Ken Pollack of the Saban Center for Middle East Policy at The Brookings Institution held a media conference call at 12:00 noon (EST) on Tuesday, August 16 to comment on progress toward drafting the Iraqi constitution. The self-imposed deadline for Iraq to draft a proposed constitution is Aug. 15
Writing in The New York Times on July 1, 2005, Pollack laid out five key lessons of previous counter insurgency campaigns for the United States campaign in Iraq. Pollack argued for: putting a higher priority on protecting Iraqis as they go about their daily lives; providing enough manpower for the job; allowing time for the Iraqi Security Forces to learn; decentralizing the reconstruction effort away from politicians in Baghdad; and buying off Sunni sheiks.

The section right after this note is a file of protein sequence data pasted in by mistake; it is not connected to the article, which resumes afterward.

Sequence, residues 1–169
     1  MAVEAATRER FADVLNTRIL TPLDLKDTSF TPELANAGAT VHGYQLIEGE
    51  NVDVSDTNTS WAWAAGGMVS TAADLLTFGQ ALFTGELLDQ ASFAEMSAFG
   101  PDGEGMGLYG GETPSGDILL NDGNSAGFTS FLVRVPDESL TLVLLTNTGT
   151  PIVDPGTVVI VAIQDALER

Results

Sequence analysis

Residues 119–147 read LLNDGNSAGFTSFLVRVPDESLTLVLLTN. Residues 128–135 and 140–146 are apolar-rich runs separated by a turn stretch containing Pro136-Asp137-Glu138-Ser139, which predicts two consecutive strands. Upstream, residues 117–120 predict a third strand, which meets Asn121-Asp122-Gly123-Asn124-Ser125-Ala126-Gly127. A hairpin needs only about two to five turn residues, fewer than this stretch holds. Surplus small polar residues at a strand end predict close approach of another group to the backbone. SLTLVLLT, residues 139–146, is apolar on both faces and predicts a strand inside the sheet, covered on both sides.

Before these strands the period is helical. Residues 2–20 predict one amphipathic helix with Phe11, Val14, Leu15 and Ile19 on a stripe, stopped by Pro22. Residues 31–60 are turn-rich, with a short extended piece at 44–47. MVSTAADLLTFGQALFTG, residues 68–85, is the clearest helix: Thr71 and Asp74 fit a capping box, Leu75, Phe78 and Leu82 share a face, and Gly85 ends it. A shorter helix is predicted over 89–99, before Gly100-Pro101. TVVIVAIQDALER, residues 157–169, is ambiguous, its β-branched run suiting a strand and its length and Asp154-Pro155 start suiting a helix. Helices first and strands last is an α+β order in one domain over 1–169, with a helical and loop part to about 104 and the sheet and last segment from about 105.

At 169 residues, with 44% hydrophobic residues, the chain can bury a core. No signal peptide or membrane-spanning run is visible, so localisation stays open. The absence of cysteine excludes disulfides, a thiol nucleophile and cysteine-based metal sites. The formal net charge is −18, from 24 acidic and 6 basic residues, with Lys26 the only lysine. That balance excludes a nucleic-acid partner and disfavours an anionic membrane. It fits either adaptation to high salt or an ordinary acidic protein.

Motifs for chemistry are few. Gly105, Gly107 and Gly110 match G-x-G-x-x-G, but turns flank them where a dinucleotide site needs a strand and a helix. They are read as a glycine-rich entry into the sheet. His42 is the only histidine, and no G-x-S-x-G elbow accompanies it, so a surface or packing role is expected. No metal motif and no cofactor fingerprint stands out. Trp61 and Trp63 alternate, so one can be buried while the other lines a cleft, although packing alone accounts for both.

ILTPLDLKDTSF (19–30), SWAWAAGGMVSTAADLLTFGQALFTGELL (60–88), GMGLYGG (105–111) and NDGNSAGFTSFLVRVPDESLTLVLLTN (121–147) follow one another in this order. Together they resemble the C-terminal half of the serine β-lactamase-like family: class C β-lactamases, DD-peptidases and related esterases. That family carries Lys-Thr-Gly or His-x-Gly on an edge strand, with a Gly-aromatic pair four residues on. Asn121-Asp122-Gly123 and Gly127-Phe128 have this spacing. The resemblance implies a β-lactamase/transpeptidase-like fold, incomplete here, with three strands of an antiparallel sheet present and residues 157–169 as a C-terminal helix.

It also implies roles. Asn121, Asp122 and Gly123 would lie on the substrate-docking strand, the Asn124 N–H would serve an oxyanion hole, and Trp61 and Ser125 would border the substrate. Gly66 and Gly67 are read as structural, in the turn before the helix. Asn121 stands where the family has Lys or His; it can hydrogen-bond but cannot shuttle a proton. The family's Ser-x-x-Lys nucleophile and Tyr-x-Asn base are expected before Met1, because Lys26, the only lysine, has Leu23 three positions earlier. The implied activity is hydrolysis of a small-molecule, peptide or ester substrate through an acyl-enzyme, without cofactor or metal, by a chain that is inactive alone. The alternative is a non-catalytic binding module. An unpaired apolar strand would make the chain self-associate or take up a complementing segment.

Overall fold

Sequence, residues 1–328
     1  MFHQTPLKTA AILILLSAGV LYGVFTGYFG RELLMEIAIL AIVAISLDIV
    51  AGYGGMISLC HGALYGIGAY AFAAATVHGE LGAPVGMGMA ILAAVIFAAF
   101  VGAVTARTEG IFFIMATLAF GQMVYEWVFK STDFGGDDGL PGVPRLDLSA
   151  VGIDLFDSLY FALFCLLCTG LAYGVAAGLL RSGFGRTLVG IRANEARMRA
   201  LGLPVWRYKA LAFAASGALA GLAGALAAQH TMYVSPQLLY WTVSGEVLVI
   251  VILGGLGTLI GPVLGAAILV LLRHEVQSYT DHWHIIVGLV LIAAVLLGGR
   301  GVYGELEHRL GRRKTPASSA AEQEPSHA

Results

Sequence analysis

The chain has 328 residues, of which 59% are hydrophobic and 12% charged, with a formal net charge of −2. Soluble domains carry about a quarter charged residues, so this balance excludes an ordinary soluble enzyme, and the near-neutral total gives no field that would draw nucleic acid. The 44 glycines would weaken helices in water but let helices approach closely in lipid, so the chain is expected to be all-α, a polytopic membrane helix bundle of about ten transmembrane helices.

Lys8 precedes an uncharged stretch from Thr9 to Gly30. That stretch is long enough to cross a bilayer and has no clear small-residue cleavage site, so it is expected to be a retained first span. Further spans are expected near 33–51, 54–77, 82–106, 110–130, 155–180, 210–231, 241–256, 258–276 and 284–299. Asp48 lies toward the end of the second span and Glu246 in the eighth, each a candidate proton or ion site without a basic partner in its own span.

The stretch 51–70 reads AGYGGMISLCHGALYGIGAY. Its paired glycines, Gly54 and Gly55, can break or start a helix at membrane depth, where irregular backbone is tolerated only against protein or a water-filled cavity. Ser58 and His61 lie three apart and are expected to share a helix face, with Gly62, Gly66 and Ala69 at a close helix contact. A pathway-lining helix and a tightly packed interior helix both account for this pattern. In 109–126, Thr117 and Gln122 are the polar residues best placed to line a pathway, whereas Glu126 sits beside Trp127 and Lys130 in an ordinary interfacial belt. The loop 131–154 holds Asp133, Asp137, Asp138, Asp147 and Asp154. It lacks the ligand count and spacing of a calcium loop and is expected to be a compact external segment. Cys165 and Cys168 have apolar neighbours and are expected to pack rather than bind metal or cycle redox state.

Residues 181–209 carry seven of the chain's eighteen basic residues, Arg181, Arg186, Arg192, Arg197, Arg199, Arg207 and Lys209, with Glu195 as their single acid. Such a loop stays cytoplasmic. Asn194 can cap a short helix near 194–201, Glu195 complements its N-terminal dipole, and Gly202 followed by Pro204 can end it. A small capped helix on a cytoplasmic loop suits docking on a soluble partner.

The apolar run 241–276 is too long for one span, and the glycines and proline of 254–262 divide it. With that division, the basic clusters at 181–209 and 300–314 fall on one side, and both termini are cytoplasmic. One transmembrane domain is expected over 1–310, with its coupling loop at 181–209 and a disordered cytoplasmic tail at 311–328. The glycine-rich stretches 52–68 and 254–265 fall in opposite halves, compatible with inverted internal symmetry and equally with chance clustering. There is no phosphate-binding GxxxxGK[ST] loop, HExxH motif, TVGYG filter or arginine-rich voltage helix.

The director of Research at the Saban Center, Kenneth Pollack, has served as Director for Persian Gulf Affairs at the National Security Council. Pollack is the author of three acclaimed books, The Persian Puzzle: The Conflict Between Iran and America (Random House, 2004); The Threatening Storm: The Case for Invading Iraq (Random House, 2002); Arabs at War: Military Effectiveness, 1948-1991 (University of Nebraska Press, 2002). Pollack is also an expert on Iran and can comment on the current crisis around the Iranian nuclear program.
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Political instability is a time-honored tradition in Lebanon. The bigger questions would be what does this instability mean for the Lebanese military? Is it still using materiel appropriately and in line with efforts to ascertain government sovereignty? Is it still taking on bad actors?